offspring are produced in more than one group (litters, clutches, etc.) and across multiple seasons (or other periods hospitable to reproduction). Iteroparous animals must, by definition, survive over multiple seasons (or periodic condition changes).

marsh

marshes are wetland areas often dominated by grasses and reeds.

metamorphosis

A large change in the shape or structure of an animal that happens as the animal grows. In insects, "incomplete metamorphosis" is when young animals are similar to adults and change gradually into the adult form, and "complete metamorphosis" is when there is a profound change between larval and adult forms. Butterflies have complete metamorphosis, grasshoppers have incomplete metamorphosis.

motile

having the capacity to move from one place to another.

native range

the area in which the animal is naturally found, the region in which it is endemic.

nectarivore

an animal that mainly eats nectar from flowers

oviparous

reproduction in which eggs are released by the female; development of offspring occurs outside the mother's body.

parasite

an organism that obtains nutrients from other organisms in a harmful way that doesn't cause immediate death

riparian

Referring to something living or located adjacent to a waterbody (usually, but not always, a river or stream).

saltwater or marine

mainly lives in oceans, seas, or other bodies of salt water.

sanguivore

an animal that mainly eats blood

scrub forest

scrub forests develop in areas that experience dry seasons.

sexual

reproduction that includes combining the genetic contribution of two individuals, a male and a female

suburban

living in residential areas on the outskirts of large cities or towns.

swamp

a wetland area that may be permanently or intermittently covered in water, often dominated by woody vegetation.

tactile

uses touch to communicate

temperate

that region of the Earth between 23.5 degrees North and 60 degrees North (between the Tropic of Cancer and the Arctic Circle) and between 23.5 degrees South and 60 degrees South (between the Tropic of Capricorn and the Antarctic Circle).

terrestrial

Living on the ground.

tropical

the region of the earth that surrounds the equator, from 23.5 degrees north to 23.5 degrees south.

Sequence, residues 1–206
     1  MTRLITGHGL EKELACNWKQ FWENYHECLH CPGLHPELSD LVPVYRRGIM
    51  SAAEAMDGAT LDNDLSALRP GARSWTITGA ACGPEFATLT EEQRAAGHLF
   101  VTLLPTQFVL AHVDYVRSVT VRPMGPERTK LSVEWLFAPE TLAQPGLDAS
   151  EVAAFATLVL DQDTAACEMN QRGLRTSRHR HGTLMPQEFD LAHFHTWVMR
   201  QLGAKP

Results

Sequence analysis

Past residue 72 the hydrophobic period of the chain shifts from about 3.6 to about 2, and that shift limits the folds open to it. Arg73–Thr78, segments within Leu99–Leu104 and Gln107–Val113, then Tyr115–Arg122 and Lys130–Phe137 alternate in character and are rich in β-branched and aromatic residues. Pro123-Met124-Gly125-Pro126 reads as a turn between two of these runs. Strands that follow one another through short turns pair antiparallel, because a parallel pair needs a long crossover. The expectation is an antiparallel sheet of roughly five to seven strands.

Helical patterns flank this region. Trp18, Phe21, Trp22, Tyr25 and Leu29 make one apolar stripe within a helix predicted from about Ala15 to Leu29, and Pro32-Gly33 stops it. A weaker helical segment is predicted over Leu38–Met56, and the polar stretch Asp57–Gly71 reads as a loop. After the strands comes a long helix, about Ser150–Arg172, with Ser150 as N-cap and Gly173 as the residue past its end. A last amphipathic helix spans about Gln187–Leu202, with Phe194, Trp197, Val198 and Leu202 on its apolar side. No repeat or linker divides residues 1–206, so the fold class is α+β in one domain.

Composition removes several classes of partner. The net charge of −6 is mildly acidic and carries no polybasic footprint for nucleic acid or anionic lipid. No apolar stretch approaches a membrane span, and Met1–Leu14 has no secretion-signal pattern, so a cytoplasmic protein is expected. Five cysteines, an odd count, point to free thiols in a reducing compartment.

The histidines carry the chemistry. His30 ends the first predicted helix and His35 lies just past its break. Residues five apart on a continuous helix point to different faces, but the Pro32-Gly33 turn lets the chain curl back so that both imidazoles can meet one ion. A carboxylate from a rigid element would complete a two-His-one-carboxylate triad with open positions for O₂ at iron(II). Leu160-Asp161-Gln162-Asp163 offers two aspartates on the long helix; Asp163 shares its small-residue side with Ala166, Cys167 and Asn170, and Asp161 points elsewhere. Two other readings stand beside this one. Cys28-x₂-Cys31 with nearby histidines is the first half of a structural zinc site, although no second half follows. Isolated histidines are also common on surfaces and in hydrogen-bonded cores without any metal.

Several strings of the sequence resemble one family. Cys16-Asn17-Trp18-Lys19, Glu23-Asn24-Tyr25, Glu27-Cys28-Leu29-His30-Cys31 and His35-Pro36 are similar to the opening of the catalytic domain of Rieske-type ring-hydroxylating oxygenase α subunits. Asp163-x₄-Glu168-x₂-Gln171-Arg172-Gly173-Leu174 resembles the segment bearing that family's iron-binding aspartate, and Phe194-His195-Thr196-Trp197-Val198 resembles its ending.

tropical savanna and grassland

A terrestrial biome. Savannas are grasslands with scattered individual trees that do not form a closed canopy. Extensive savannas are found in parts of subtropical and tropical Africa and South America, and in Australia.

savanna

A grassland with scattered trees or scattered clumps of trees, a type of community intermediate between grassland and forest. See also Tropical savanna and grassland biome.

temperate grassland

A terrestrial biome found in temperate latitudes (>23.5° N or S latitude). Vegetation is made up mostly of grasses, the height and species diversity of which depend largely on the amount of moisture available. Fire and grazing are important in the long-term maintenance of grasslands.

urban

living in cities and large towns, landscapes dominated by human structures and activity.

visual

uses sight to communicate

year-round breeding

breeding takes place throughout the year

References

2004. "World Health Organization" (On-line). Accessed 12/15/04 at http://www.who.int/tdr/research/progress/mal_str/default.htm.

Blackwell, A., S. Johnson. June, 2000. Electrophysiological investigation of larval water and potential oviposition chemo-attractants for Anopheles gambiae s.s.. Annals of Tropical Medicine and Parasitology, 94(4): 389-398.

Comstock, J. 1920. Introduction to Entomology. United States: The Comstock Publishing Company.

Evans, A. 1938. Mosquitoes of the Ethiopian Region. London: Oxford University Press.

Konate, L., O. Faye, O. Gaye, M. Diouf, A. Diop. September, 1999. Observations on the feeding patterns and the alternative hosts selection of the malaria vectors in Senegal. Parasite, 6(3): 257-267.

Meijerink, J., M. Braks, A. Brack, W. Adam, T. Dekker. June, 2000. Identification of olfactory stimulants for Anopheles gambiae from human sweat samples. Journal of Chemical Ecology, 26(6): 1367-1382.

Nchinda, T. 1998. "Centers for Disease Control and Prevention" (On-line). Accessed 12/15/04 at http://www.cdc.gov/ncidod/eid/vol4no3/nchinda.htm.

Roberts, L., J. Janovy, Jr.. 2000. Foundations of Parasitology sixth edition. United States: McGraw-Hill Companies.